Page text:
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New target antigen for prostate cancer therapies
STEAP Antigen a Promising Route for New Therapies, PNAS Reports
Santa Monica, CA, December 7, 1999 - UroGenesys, Inc. today reported the discovery of a novel gene that provides a promising route for developing new therapies to treat prostate cancer. The studies, published today in the journal Proceedings of the National Academy of Sciences (PNAS), describe a novel cell-surface antigen called STEAP which is expressed at high levels on prostate cancers, but is rarely produced in non-prostate tissues. These results indicate that the STEAP molecule maybe useful as a target for new prostate cancer therapies, as well as for improved diagnostic tools to help monitor progression of the disease.
"STEAP possesses several features that make it a promising target for new cancer treatments," said Aya Jakobovits, Ph.D., Vice President of Research and Chief Scientific Officer at UroGenesys and an author on the paper. "The antigen is expressed at high levels on prostate tumors throughout all stages of the disease, including metastatic tumors. Its prostate-specific expression suggests that drugs targeted to STEAP may have a favorable safety profile."
Dr. Jakobovits continued, "STEAP is also expressed in androgen-independent tumors, providing an avenue for treatment of cancers that have become resistant to conventional hormone ablation therapies. Its presence on the surface of prostate cancer cells makes the molecule suitable for a wide variety of therapeutic approaches, including antibodies, small molecules and vaccines."
"STEAP is the first antigen to emerge from UroGenesys' in-house discovery program," said Donald B. Rice, Ph.D., President and Chief Executive Officer of UroGenesys. "The discovery illustrates how our disease-focused genomics program positions UroGenesys to identify and advance the development of products that may lead to improved treatments for prostate and other cancers."
Dr. Rice says that UroGenesys plans to speed up development of new therapeutic and diagnostic products based on antigens they ghave developed and own. They plan to work with pharmaceutical and biotechnology companies, while pursuing selected clinical developments separately.
Researchers at UroGenesys identified the STEAP gene by comparing RNA sequences isolated from patient-derived specimens of prostate cancer to sequences isolated from benign prostatic tissues. Once they had successfully cloned STEAP (named for Six-Transmembrane Epithelial Antigen of the Prostate), the UroGenesys team looked for its presence in a wide variety of normal and diseased tissues. They found high cell-surface expression of STEAP in all human prostate cancer samples tested, and showed that expression of the protein was almost entirelt restricted to the prostate among normal body tissues. Studies of STEAPšs structure and localization to the cell surface imply its function as an ion channel or transport protein.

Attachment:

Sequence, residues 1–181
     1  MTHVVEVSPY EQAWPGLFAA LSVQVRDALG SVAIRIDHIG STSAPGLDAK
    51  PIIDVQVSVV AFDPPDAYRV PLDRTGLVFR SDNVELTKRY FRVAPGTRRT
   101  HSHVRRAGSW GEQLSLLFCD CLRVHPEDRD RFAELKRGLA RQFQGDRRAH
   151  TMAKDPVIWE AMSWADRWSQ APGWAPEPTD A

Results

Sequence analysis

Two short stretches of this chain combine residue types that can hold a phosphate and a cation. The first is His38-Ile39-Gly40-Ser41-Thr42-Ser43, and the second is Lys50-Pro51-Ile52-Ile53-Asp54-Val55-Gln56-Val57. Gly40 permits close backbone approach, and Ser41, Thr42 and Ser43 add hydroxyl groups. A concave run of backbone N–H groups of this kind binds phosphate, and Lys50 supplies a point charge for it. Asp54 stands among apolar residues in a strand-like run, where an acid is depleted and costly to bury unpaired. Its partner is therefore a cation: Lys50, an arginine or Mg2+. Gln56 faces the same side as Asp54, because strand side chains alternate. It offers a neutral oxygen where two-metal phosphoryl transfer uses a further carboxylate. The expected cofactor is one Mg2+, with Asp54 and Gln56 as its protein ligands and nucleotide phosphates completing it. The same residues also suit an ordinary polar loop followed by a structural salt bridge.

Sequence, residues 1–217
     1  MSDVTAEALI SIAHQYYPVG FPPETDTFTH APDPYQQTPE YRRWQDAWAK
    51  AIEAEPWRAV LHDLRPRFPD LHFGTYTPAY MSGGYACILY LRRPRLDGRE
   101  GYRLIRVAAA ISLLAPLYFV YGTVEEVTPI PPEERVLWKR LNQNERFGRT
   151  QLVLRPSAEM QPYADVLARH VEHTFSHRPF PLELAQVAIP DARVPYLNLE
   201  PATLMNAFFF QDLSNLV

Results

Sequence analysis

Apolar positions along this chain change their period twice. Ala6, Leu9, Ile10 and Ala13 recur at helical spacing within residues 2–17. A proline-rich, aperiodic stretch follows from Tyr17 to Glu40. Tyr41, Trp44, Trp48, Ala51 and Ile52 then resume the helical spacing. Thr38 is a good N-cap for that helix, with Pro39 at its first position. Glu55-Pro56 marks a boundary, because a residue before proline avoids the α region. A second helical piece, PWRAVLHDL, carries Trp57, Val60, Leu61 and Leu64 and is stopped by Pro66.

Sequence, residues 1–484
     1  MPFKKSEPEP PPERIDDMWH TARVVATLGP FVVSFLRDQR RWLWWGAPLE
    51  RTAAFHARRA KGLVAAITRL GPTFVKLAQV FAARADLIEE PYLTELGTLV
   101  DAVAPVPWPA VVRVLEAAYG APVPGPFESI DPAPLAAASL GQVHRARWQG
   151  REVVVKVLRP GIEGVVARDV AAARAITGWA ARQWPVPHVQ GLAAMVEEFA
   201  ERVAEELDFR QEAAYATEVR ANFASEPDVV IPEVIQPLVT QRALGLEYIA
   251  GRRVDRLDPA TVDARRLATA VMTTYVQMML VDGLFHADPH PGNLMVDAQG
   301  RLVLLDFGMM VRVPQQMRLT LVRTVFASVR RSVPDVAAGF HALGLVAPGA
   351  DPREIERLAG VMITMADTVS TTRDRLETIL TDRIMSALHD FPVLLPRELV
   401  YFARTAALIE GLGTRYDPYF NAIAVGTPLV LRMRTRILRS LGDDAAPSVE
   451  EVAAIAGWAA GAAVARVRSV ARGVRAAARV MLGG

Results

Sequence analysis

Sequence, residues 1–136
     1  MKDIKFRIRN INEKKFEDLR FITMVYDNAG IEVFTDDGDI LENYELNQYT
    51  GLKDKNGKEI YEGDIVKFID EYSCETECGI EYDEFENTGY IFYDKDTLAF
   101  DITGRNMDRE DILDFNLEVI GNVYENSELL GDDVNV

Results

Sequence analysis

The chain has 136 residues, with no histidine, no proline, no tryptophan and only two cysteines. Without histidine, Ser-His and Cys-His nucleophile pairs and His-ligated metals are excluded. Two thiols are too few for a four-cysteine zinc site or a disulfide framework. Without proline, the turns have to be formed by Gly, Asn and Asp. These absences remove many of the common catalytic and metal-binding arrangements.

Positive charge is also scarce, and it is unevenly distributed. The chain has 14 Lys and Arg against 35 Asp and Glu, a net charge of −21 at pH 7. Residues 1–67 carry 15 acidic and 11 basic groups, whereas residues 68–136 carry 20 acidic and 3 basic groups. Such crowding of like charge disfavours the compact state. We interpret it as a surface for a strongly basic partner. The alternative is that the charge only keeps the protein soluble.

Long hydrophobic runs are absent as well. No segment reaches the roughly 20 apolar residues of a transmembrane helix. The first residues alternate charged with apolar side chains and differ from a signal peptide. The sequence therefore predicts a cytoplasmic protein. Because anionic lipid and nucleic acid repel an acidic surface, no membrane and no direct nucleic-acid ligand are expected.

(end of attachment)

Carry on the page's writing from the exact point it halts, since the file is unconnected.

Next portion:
Key to the STEAP gene discovery was UroGenesys' use of its proprietary xenograft mouse models that mimic the progression of advanced prostate cancer in humans, including the development of metastatic and hormone refractory disease. By implanting patient-derived tumor samples into immune-deficient mice, the Company is also able to generate a renewable supply of primary and metastatic tissues that are otherwise difficult to obtain. UroGenesys utilizes these tissues in its gene discovery and validation programs.
"Use of these xenografts is critical to the discovery of clinically-relevant targets that are uniquely expressed in prostate tumors and other cancers," noted Dr. Jakobovits. "Applying this tool together with our target validation expertise has already led to the discovery of over 30 additional new antigens implicated in prostate cancer."
Prostate cancer, which accounts for about 40 percent of all male cancers, is currently the most common type of cancer in American men and the second leading cause of cancer-related death in this population. An estimated 180,000 new cases of prostate cancer are diagnosed each year in the United States, and approximately 40,000 American men die of the disease annually. These numbers are expected to rise as the U.S. population experiences an increasing number of men entering their senior years, when most prostate cancers are diagnosed.
These figures underscore the need for new therapeutic approaches, particularly for metastatic and androgen-independent disease. As yet, few targets that are specific to prostate cancer and are cell surface antigens have been discovered.
UroGenesys, Inc. is a privately held biotechnology company engaged in the development of innovative products for the treatment and diagnosis of urological diseases, with an initial emphasis on prostate cancer. UroGenesys, which began operations in 1997, was founded by leading cancer researchers and clinicians from the University of California, Los Angeles (UCLA) together with Donald B. Rice, Ph.D., a business executive.